• Israel's tax authority will be cracking down on unreported capital, after receiving a list from French authorities of more than 8,000 Israeli customers who held bank accounts at the Swiss arm of HSBC. Israeli newspapers reported that diamond company owners were on the list, along with bank owners and directors, real estate moguls, retired military officers, public and private company heads, well-known lawyers, artists, soccer players, sports agents, a retired judge and a former prosecutor.

  • JCK's Rob Bates reports on the Global Law Enforcement Diamond Forum held in The Hague, Netherlands at the end of June where members of the diamond industry mixed with agents from the FBI, Interpol and NGOs and heard presentations on one of the trade’s least favorite topics: are diamonds being used for money laundering and terrorist financing. "By the end, attendees came to two conclusions: First, the law enforcement attention on the diamond business is not going away. Second, that might not be so bad. Many in the trade didn’t always think that way.

  • India's Enforcement Directorate (ED) has requested information from authorities in the United Arab Emirates relating to the Winsome Group. Winsome Diamonds and Jewellery owes in excess of $1 billion to a group of banks. In addition to the ED which is looking into money laundering allegations, India's Central Bureau of Investigation is investigating several people connected with Winsome, The Economic Times of India reports.

  • American law firm Federman & Sherwood has started an investigation on behalf of investors of Signet Jewelers Ltd. on whether Signet and certain of its officers and/or directors violated sections of the Securities Exchange Act of 1934.

  • Five men who used Monopoly money to trick jewelers in a scam worth £7 million (around $10 million) have been sentenced to jail terms ranging from two to seven years in the United Kingdom. The men were found to have placed fake notes from the famous board game between real bank notes. The biggest loser was jeweler John Calleija who has a shop in the Royal Arcade on Old Bond Street in London who lost £6.1 million (approximately $8.5 million).

  • Representatives of major law enforcement organizations and other groups from around the world, including the Federal Bureau of Investigation (FBI), Europol, Interpol, the Netherlands police, the U.S. State Dept., and the World Customs Organization, will be gathering in The Hague from June 28 to 29 for a two-day meeting on the role diamonds might play in money laundering and terrorist financing.

  • A lengthy article in the Ha'aretz newspaper begins by looking at the case of Hanan Abrahamovich and an alleged fraud with a value of around $55 million before talking about other financial shenanigans, such as an underground bank that operated within the Israel Diamond Exchange, bankruptcies and a family firm that allegedly owes other IDE members $15 million. “For seven months Hanan Abramovich told us stories – there is money, there isn’t money. He kept saying ‘God will provide’ and making promises. We counted 12 different stories. All the scenarios imploded.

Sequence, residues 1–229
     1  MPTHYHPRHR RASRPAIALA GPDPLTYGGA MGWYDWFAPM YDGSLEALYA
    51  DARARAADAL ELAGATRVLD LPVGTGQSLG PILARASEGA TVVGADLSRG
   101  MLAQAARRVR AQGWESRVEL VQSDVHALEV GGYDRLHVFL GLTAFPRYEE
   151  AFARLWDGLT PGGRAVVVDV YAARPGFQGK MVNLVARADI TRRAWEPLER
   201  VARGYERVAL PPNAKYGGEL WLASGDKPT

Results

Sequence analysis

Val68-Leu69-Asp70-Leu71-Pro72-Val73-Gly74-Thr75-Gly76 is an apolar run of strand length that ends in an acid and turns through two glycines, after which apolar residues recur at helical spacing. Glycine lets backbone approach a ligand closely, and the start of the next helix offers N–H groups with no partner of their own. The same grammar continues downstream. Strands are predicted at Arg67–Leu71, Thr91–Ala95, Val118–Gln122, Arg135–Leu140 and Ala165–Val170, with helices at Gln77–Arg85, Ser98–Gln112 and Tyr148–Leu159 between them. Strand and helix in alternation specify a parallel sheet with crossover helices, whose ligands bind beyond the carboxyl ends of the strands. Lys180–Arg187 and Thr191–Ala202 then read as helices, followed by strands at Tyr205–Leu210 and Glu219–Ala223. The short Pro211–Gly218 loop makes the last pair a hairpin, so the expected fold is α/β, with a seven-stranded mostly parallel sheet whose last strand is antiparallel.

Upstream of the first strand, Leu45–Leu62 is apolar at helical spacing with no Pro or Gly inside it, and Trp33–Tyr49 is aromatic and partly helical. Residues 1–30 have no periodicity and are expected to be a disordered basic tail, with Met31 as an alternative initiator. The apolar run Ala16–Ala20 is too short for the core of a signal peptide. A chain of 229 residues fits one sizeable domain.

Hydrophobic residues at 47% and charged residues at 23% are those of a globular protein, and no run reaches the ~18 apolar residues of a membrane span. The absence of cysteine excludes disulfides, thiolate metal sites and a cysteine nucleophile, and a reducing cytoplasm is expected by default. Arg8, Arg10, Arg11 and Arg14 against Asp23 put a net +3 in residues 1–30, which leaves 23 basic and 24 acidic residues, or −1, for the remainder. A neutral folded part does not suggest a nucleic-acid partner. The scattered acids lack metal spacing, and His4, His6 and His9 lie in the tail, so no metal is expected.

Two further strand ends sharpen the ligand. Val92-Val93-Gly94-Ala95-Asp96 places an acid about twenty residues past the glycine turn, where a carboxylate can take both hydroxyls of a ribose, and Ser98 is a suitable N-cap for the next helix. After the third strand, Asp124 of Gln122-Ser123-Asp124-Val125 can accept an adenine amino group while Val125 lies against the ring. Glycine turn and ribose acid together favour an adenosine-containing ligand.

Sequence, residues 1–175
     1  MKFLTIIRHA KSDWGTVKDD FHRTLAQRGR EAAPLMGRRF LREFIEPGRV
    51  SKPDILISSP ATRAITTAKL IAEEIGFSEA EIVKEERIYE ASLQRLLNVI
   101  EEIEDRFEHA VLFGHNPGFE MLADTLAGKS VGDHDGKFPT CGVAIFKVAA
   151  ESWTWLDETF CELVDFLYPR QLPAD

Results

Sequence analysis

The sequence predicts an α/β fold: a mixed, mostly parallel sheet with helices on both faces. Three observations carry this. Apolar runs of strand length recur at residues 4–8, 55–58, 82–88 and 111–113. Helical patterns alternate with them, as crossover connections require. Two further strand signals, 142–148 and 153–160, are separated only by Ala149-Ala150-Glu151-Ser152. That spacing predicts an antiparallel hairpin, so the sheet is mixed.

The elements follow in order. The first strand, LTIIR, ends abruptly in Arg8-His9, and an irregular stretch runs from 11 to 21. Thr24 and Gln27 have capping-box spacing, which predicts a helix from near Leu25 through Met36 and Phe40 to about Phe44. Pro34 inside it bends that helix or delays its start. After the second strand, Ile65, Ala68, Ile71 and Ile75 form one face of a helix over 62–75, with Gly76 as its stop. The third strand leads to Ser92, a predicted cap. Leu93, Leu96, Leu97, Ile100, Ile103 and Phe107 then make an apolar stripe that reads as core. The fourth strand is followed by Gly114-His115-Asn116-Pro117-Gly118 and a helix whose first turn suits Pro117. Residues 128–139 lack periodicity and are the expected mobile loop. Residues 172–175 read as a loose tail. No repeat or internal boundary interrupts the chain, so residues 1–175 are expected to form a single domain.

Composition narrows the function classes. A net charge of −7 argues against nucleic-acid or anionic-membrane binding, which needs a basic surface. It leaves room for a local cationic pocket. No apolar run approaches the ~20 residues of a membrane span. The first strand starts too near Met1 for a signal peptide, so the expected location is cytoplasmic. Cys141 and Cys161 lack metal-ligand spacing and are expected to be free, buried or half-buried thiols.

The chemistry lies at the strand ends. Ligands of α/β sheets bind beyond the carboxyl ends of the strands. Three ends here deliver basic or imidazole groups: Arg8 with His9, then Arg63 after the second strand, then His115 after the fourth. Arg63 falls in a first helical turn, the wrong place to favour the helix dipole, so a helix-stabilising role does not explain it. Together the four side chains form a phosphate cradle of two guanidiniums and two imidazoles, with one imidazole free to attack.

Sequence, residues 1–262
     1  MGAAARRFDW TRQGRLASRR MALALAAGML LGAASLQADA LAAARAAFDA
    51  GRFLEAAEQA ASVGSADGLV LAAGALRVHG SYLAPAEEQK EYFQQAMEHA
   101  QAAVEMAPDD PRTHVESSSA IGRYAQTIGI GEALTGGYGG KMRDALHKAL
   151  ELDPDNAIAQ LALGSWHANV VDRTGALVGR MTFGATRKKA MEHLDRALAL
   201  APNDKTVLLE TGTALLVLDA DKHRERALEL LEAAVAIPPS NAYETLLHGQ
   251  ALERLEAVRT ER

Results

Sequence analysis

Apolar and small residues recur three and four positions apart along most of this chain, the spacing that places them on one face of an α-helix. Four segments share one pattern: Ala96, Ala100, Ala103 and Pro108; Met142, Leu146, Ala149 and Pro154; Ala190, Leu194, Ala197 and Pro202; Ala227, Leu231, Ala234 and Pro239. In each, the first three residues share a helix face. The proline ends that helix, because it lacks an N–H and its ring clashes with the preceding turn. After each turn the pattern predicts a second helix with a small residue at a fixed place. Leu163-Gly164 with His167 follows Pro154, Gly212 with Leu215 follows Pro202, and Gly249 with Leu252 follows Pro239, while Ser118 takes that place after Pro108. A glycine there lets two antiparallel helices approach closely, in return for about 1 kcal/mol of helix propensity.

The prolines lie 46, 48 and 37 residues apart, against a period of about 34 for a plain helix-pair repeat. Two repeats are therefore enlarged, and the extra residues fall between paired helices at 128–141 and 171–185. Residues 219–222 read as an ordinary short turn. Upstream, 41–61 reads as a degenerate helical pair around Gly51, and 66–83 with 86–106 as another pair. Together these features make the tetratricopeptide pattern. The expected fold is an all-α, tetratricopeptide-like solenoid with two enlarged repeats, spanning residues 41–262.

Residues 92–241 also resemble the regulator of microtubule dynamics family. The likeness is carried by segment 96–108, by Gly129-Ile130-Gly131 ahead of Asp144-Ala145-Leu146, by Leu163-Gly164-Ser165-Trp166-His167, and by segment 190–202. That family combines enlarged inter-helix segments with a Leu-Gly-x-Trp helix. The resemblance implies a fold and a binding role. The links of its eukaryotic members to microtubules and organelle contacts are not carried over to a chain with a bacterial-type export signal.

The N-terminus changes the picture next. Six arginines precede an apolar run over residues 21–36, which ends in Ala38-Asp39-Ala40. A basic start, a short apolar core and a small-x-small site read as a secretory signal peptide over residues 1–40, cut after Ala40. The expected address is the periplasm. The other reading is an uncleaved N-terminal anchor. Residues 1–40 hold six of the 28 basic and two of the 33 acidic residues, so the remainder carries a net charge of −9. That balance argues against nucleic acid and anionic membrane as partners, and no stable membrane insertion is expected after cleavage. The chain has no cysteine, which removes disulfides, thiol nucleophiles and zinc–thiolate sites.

• Veteran Israeli diamond dealer Hanan Abramovich has been remanded in custody for a further two days on suspicion of fraudulently acquiring $55 million of diamonds. In addition, his son was remanded for 24 hours on suspicion of being involved, Israeli financial news outlet, TheMarker reported, citing Israel Diamond Exchange (IDE) sources. His son was questioned by police after diamantaires said that he was involved in his father's business, though he claimed to not know anything about them during questioning.

  • Gujarati diamantaires in Hong Kong are threatening to move their diamond business to "safer countries" as a result of a rise in robbery attacks on members of the diamond community in recent years. The diamantaires have asked local authorities to beef up security. Hong Kong's diamond business is valued at $13 billion annually and most of it is controlled by Gujarati diamantaires, The Times of India reports. The turnover of the diamond jewelry and diamond-set watch business is estimated at more than $30 billion.

  • A gang of fraudsters allegedly paid for watches, jewelry and diamonds with Monopoly money in three scams said to have been executed in London, Bristol and Leeds, a jury at a trial at Bristol Crown Court was told. The scams, some of which are admitted, all involve real euros being switched for bundles of fake notes marked either "facsimile" or "Monopoly" in deals worth a total of millions of euros.

  • Customers and staff of a company called Asia Fine Diamonds (AFD) are up in arms after the so-called investment firm went out of business owing money, Singapore's Straits Times newspaper reported. A report cites a client, Stephen Yeo, who invested $17,785 in a 0.21-carat round cut diamond - described as "fancy intense purplish pink" - from AFD. He never laid hands on it. Meanwhile, an AFD employee said that about 20 sales, telemarketing and administrative staff have not been paid for about two months, with the office closing down in January.

  • Starting off with some of the more outlandish comments thrown out by presidential hopefuls, jewelry industry consultant Ben Janowski looks at the impact of changes to come on the economy and the jewelry business in particular. The middle class is shrinking as the number of well-paying jobs decline. "The substantial decline of the middle class, abetted by the economy's shift from manufacturing the services, has stalled the US jewelry business. For some 20 years or so, US jewelry business has stayed at about $30 billion a year, in spite of steadily rising material costs.

  • Heritage FA Limited, which marketed and sold colored diamonds and other commodities to the public for investment, has been officially ordered into liquidation. An investigation found that vulnerable and elderly individuals were being targeted and aggressively sold investments in fancy colored diamonds and rough diamonds, as well as gold, fine art and oil wells. It was discovered that at least £7 million (around $10 million) was raised from investors generating commission of over £2.5 million (about $3.5 million) before the company was forcibly closed.